The microbiomes of Ae. aegypti lines were analyzed using barcoded high-throughput amplicon sequencing of the bacterial 16S rRNA gene using a similar approach as previously described [4, 53]. DNA was extracted (QIAamp DNA Mini kit, QIAgen, Valencia, CA) from individual whole surface sterilized mosquitoes 5 days post eclosion (N = 15). To evaluative possible contamination, a spike in positive control [54] was amplified under the same conditions as genomic DNA isolated from mosquitoes. The spike in control was synthesized as a gBlock (Intergrated DNA Technologies, Coralville, IA) and 100 pmole of template was used as template for PCRs. High-throughput sequencing of the bacterial 16S ribosomal RNA gene was performed using gDNA isolated from each sample. Sequencing libraries for each isolate were generated using universal 16S rRNA V3-V4 region primers in accordance with Illumina 16S rRNA metagenomic sequencing library protocols [55]. The samples were barcoded for multiplexing using Nextera XT Index Kit v2 (Illumina, San Diego, CA). Sequencing was performed on an Illumina MiSeq instrument using a MiSeq Reagent Kit v2 (500-cycles). To identify the presence of known bacteria, sequences were analyzed using the CLC Genomics Workbench 11.0.1 Microbial Genomics Module. Reads were trimmed of sequencing adapters and barcodes, and any sequences containing nucleotides below the quality threshold of 0.05 (using the modified Richard Mott algorithm) and those with two or more unknown nucleotides or sequencing adapters were removed. Reference-based OTU picking was performed using the SILVA SSU v128 97% database [56]. Sequences present in more than one copy but not clustered to the database were placed into de novo OTUs (99% similarity) and aligned against the reference database with 80% similarity threshold to assign the “closest” taxonomical name where possible. Chimeras were removed from the dataset if the absolute crossover cost was three using a k-mer size of six. Alpha diversity was measured using Shannon entropy (OTU level), rarefaction sampling without replacement, and with 100,000 replicates at each point. Beta diversity was calculated and nonmetric multidimensional scaling (NMDS) plots were created using Bray–Curtis dissimilarity. Differentially abundant bacteria (family level) were identified using analysis of composition of microbiomes (ANCOM) with a significance level of p < 0.05 [57].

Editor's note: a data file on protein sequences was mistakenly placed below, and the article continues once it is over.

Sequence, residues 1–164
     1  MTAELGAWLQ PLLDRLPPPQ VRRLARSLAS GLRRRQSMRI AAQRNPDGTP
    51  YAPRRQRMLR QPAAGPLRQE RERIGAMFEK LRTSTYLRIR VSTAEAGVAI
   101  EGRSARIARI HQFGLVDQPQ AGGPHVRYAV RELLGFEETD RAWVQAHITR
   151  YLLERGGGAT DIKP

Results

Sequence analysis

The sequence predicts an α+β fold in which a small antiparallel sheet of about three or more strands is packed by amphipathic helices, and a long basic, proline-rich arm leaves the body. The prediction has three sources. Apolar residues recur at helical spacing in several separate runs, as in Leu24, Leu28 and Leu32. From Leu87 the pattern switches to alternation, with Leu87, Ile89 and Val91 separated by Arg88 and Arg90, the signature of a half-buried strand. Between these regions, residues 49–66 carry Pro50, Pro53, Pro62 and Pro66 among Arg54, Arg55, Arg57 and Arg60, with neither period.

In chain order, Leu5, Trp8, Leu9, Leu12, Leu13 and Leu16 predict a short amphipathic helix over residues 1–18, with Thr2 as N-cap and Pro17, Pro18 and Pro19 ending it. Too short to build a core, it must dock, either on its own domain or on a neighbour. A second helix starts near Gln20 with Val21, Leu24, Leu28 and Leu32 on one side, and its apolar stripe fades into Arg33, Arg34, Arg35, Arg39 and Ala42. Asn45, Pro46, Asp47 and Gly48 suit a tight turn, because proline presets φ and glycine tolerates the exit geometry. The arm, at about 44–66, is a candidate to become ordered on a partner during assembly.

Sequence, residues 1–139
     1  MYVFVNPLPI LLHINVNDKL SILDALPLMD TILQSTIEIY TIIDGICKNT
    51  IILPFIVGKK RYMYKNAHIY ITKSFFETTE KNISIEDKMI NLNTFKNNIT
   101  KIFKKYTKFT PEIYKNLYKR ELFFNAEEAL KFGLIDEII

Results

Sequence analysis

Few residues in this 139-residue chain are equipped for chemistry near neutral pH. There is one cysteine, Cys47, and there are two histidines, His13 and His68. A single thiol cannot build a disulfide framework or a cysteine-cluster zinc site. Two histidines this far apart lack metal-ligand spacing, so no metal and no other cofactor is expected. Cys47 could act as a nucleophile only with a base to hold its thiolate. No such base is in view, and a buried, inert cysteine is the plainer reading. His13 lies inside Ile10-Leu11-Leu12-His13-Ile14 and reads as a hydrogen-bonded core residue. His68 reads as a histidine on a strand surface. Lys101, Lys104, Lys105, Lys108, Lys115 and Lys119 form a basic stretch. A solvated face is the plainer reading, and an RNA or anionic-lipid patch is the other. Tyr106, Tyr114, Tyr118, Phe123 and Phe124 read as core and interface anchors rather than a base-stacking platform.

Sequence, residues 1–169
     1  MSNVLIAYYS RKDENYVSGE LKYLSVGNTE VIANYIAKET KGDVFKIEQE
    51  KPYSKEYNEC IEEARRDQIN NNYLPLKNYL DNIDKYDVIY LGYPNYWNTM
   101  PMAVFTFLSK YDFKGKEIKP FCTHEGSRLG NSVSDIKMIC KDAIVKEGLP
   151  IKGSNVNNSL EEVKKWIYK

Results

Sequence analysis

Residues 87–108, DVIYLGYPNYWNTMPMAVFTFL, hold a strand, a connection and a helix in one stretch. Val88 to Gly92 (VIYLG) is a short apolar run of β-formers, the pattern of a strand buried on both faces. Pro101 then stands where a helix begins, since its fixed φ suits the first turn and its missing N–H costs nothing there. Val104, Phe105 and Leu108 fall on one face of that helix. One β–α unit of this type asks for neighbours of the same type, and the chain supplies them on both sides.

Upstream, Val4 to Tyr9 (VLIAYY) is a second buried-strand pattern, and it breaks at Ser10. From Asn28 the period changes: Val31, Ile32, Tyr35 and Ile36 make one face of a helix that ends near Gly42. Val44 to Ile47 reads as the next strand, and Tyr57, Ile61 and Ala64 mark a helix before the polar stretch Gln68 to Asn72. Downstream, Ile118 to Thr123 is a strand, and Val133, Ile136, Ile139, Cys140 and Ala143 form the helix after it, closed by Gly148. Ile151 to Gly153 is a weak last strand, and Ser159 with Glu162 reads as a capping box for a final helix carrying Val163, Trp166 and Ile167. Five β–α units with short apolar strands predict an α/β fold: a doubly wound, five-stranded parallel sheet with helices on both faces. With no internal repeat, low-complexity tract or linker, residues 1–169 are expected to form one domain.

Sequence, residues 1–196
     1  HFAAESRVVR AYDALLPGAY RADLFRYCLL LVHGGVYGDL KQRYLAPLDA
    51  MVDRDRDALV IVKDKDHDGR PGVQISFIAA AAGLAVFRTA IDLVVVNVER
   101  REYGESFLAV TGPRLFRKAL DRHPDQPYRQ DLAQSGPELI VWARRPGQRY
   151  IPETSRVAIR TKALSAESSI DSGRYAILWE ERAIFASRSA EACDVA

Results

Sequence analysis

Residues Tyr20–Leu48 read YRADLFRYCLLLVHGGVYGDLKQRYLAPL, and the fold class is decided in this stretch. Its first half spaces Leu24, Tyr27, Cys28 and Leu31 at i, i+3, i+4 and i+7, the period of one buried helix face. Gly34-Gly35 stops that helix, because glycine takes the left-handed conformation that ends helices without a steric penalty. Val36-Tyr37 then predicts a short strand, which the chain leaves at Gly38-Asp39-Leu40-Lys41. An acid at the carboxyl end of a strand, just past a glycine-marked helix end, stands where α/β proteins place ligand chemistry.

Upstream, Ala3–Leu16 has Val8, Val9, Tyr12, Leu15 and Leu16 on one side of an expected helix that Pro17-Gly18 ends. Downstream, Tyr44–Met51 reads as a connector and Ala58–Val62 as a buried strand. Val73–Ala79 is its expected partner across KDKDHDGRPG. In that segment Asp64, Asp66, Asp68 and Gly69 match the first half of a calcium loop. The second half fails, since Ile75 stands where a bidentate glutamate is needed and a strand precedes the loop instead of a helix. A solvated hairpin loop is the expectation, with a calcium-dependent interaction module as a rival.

The total Serratia load within each mosquito line was assessed by qPCR. The S-adenosylhomocysteine nucleosidase (PFS) gene of Serratia was amplified with the primers psf1-F and psf-R [58]. The Ae. aegypti or Cx. quinquesfactius S7 gene was amplified with aeg-S7-F and aeg-S7-R or Cq-S7-F and Cq-S7-R primers, respectively [4]. The PCR was done in a 10-μl reaction containing 1 μM of each primer, 1× SYBR Green (Applied Biosystems, Carlsbad, CA) and 2 μl of genomic DNA template. Cycling conditions involved an initial denaturation at 95 °C for 10 min, 40 cycles of 15 s at 95 °C, 1 min at 60 °C. Fluorescence readings were taken at 60 °C after each cycle before deriving a melting curve (60–95 °C) to confirm the identity of the PCR product. The PCR was carried out on the ABI StepOnePlus Real-Time PCR System. Relative abundance was calculated by comparing the Serratia load to the single-copy mosquito gene.

Life history assays